There are about 8,700 lawsuits pending against Monsanto, by people who allege that exposure to Roundup weedkiller is responsible for their cancer. Most of the people behind these lawsuits have stories not unlike the one told by Dewayne Johnson, during his landmark jury trial which resulted in a unanimous decision against Monsanto.
Like Johnson, many of these people have non-Hodgkin lymphoma—or they have family members who have already died from the disease. They face long, grueling trials as they go up against the biotech behemoth.
To Werner Baumann, CEO of Bayer (which acquired Monsanto last year for $63 billion), these people are just “nuisances.”
According to a recent Reuters report, Baumann told reporters:
“If we can settle nuisances at some point where the defense costs in preparing cases are higher than potential settlement amounts, we will of course consider it from an economic standpoint.”
No wonder. After all, Bayer could end up on the hook for $800 billion in liability—a possibility that has made shareholders of the German company very unhappy.
But whatever Bayer decides—go to trial or settle—Baumann told reporters he’s clear on one thing:
“We will resolutely and with all means defend ourselves in this (glyphosate) litigation.”
Defending the indefensible
On an August conference call following the verdict in the Johnson trial, Baumann promised investors the agrochemical company would defend glyphosate, and in the meantime, continue business as usual.
“Nothing has changed concerning our strategy. We want to make sure that glyphosate will continue to be available to our key stakeholders as an excellent, safe and very important tool for modern agriculture.”
In other words, Bayer intends to do everything in its power to keep glyphosate on the market—despite a U.S. court’s determination that the weedkiller causes cancer. For Bayer, “business as usual” means profits before human health.
In the meantime, Bayer wants the rest of the world to think that the company is focused on sustainable farming practices that benefit farmers, consumers and the planet.
Bayer tweeted last month about hosting an international group of food bloggers at one of its Forward Farms in Abbenes, North Holland, where the topic of discussion was reported to be “sustainability.”
The farm is one of several around the world that make up Bayer’s ForwardFarming network, a project designed to bolster the idea that Bayer cares about the environment. Bayer currently has Forward Farms in the U.S., Latin America and in various parts of Europe including Italy, France, Belgium and Berlin.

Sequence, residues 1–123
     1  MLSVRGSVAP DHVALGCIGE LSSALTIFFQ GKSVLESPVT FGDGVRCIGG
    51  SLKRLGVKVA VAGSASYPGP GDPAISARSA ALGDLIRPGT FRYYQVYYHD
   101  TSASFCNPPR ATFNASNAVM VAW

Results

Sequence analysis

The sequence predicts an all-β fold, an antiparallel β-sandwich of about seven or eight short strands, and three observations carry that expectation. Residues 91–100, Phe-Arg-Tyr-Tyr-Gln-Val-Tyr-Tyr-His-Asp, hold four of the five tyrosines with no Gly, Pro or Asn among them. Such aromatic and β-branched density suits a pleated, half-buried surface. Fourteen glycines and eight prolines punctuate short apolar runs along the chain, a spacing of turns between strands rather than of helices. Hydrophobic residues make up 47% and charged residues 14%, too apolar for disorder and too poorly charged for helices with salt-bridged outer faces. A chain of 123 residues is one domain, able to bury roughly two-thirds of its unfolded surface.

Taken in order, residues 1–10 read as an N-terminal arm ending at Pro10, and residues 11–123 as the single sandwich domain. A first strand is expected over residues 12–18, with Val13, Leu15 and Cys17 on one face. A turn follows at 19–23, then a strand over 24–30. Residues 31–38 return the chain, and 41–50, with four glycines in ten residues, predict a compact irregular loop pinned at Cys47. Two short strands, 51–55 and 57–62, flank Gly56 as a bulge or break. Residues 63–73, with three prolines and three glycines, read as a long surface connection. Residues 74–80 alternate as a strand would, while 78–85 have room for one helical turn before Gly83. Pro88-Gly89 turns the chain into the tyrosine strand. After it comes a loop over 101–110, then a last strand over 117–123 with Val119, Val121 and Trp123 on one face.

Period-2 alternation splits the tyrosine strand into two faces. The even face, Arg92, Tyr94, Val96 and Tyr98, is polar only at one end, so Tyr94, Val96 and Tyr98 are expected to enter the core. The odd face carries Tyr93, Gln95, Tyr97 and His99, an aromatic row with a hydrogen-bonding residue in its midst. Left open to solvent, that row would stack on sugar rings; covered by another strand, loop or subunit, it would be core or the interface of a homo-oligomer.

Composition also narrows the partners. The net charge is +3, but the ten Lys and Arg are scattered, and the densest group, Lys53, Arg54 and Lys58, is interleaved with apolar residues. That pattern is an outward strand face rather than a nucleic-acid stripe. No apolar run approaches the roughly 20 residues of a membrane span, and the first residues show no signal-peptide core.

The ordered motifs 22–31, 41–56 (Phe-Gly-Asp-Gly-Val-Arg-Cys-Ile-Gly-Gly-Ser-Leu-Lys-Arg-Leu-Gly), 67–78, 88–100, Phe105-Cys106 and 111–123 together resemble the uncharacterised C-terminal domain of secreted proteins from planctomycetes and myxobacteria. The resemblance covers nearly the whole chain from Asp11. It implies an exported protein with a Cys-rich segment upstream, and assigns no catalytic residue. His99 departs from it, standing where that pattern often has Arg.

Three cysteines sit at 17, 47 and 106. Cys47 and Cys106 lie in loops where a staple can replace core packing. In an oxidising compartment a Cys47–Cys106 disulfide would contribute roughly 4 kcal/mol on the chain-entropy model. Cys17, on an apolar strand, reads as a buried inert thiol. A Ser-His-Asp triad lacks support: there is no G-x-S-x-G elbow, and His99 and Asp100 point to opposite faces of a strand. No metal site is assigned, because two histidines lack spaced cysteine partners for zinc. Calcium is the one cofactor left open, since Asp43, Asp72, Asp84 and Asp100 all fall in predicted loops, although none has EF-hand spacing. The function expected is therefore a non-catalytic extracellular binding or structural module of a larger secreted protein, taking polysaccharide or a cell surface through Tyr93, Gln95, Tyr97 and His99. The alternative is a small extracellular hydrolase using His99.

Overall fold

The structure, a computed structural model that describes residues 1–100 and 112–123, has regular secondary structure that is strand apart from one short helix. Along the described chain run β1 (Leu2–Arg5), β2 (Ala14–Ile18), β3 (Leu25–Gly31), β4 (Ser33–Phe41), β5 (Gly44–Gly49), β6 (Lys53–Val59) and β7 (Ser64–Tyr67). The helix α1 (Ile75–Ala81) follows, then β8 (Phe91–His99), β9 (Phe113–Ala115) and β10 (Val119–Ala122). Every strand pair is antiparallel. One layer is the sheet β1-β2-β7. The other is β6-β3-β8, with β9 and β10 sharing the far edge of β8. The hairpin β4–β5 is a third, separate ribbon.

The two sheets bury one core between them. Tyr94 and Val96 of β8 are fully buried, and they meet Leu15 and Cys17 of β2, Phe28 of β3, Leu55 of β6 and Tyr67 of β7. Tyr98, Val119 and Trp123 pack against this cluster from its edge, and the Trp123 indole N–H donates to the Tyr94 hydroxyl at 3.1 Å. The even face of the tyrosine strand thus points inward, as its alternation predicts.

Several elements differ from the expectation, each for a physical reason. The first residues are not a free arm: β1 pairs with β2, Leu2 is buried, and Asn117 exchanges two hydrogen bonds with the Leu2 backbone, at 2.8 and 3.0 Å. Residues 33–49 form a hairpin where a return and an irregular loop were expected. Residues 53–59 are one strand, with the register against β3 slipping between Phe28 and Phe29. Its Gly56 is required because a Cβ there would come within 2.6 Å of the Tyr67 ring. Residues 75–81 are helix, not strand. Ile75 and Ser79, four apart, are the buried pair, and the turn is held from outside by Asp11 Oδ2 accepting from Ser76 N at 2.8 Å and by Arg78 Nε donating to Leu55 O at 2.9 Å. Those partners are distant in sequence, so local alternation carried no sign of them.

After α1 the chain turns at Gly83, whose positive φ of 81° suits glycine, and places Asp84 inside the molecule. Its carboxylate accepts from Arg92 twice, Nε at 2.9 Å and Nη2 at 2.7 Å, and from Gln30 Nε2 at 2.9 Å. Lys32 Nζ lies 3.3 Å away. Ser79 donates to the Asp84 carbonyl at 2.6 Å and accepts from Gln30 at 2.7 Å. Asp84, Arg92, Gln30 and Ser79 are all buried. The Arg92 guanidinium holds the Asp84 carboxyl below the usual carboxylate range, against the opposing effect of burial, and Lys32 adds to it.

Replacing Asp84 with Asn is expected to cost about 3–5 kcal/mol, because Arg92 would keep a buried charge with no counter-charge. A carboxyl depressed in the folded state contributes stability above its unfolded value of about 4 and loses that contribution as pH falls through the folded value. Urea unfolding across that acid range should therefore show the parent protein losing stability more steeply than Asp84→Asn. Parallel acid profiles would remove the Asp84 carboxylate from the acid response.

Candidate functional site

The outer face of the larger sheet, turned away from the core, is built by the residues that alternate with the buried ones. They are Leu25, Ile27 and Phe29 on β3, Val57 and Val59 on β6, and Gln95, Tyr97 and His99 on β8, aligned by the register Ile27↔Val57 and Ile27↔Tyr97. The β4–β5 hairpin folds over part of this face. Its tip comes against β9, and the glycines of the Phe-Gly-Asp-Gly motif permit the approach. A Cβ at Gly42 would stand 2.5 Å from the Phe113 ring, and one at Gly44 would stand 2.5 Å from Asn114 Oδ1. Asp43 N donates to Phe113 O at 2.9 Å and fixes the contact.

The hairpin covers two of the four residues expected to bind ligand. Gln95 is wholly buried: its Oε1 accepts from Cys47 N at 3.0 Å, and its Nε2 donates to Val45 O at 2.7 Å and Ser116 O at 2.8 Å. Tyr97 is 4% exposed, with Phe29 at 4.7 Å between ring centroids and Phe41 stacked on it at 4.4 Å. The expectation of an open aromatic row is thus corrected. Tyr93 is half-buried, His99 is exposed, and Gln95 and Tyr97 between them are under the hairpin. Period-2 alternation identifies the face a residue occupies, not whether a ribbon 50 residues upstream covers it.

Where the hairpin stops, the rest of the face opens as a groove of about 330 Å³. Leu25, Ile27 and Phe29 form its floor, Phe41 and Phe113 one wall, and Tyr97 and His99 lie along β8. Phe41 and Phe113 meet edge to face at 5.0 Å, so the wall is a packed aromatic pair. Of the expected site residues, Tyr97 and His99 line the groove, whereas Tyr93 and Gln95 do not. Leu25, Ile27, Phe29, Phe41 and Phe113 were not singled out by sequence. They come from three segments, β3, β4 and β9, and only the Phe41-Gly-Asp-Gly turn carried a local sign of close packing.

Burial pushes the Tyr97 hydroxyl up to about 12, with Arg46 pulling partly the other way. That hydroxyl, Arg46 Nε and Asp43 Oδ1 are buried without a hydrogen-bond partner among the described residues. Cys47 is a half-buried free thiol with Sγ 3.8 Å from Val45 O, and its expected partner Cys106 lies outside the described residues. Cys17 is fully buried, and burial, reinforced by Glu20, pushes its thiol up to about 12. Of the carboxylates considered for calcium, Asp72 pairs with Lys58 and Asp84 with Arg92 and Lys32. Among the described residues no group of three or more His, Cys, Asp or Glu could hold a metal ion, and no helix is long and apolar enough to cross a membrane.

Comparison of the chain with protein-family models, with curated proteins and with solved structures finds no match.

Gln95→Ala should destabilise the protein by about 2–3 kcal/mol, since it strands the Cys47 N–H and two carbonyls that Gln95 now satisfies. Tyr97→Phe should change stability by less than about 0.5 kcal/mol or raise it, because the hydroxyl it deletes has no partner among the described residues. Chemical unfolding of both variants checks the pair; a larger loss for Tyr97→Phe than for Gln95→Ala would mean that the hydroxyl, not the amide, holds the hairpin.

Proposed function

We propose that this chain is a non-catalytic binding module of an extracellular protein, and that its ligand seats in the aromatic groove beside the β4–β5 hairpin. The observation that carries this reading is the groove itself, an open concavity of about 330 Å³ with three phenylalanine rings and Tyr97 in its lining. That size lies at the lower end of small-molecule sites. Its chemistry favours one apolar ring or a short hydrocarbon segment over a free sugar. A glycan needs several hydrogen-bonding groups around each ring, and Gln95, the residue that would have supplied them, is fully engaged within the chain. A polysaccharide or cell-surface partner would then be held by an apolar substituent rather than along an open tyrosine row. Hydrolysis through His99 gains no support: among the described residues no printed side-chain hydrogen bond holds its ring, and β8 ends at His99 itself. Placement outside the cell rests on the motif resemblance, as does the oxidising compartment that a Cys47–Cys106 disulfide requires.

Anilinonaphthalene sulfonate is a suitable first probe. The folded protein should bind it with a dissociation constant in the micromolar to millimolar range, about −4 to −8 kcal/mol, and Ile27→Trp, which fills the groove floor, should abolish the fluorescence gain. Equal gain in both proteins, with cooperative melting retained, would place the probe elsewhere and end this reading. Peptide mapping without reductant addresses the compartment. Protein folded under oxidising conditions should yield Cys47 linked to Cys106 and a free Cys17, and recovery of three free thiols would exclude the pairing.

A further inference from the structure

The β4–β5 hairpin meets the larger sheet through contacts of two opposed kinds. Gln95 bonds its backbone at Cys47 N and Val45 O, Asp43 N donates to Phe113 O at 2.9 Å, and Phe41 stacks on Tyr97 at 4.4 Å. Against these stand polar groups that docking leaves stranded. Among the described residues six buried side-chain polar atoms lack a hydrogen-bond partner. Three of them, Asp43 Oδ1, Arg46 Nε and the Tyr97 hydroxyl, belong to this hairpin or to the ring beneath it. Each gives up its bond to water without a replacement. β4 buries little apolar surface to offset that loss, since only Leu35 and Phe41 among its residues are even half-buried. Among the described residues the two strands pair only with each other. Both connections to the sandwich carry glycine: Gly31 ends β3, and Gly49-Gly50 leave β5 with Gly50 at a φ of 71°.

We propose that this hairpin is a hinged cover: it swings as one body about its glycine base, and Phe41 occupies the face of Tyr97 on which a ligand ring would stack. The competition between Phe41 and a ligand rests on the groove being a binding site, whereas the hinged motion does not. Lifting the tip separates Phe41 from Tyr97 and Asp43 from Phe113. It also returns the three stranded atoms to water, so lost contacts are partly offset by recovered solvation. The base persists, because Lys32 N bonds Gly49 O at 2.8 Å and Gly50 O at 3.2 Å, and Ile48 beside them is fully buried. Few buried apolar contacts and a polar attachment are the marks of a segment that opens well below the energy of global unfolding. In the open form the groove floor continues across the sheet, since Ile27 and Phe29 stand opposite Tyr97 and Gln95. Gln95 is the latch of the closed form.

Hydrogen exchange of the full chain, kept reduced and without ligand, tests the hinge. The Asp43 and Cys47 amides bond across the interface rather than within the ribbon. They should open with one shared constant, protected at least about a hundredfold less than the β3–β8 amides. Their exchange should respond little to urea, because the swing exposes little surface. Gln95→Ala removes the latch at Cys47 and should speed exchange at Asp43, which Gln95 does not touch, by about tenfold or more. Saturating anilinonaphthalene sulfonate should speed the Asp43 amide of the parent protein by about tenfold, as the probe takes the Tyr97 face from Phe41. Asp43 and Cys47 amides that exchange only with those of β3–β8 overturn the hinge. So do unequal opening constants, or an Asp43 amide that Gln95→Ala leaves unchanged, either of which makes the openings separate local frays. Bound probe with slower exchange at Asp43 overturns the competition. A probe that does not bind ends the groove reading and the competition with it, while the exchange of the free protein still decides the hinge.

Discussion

Precision pesticide-spraying—‘holistic’ and ‘sustainable’?
Bayer describes its ForwardFarming project as “an initiative that works with independent farms around the world to help advance sustainable agriculture.”
So, what is it exactly that Bayer is doing that’s sustainable? Promoting GPS technology that helps farmers spray pesticides with precision, glyphosate included. According to Bayer’s website, “digital farming techniques, such as GPS informed precision spraying . . . are all demonstrated on the fam.” These tools allow farmers “to take a holistic approach to sustainable farming.”
Holistic approach? Don’t be fooled by Bayer’s feelgood choice of words, as the agrochemical giant’s definition of “holistic” simply means more glyphosate. Bayer even goes as so far to say that without glyphosate, soil organic matter would suffer, and climate change would actually get worse.
Those claims contradict the latest research, which shows that over time, over time, the application of crop chemicals, such as glyphosate, destroy beneficial bacteria in the soil, which reduces soil fertility and causes soil carbon to escape into the atmosphere where it contributes to a warming planet.
The real future of farming—organic and regenerative
Organic agriculture, on the other hand, prohibits the use of toxic crop chemicals and is repeatedly proven to boost soil health, increase yields and fight climate change, all while supporting farmer livelihood.
Regenerative agriculture, with its focus on biodiversity and soil health (which increases the soil’s capacity to retain water during periods of drought), has the potential to build resilient local farming systems that provide abundant, nutritious food.
Both time and research have shown that industrial, chemical-intensive agriculture is not the solution to feeding the world, and is in fact moving us backwards in terms of being able to solve world hunger, while at the same time reversing global warming.
If the prospect of billions of dollars in settlements from Roundup cancer lawsuits isn’t enough to scare Bayer off of glyphosate, we’re not sure what will. But one thing is for sure—increasing consumer demand for clean, healthy and pesticide-free food is driving the world’s food system away from toxic chemicals and toward a system that promotes healthy humans, healthy animals and healthy soil. No matter what Bayer says.
If you’d like to honor Johnson, a former school groundskeeper who is now terminally ill with non-Hodgkin lymphoma, help OCA and other organizations get Roundup out of schools.
Julie Wilson is communications associate for the Organic Consumers Association (OCA). Katherine Paul, associate director, contributed to this article.
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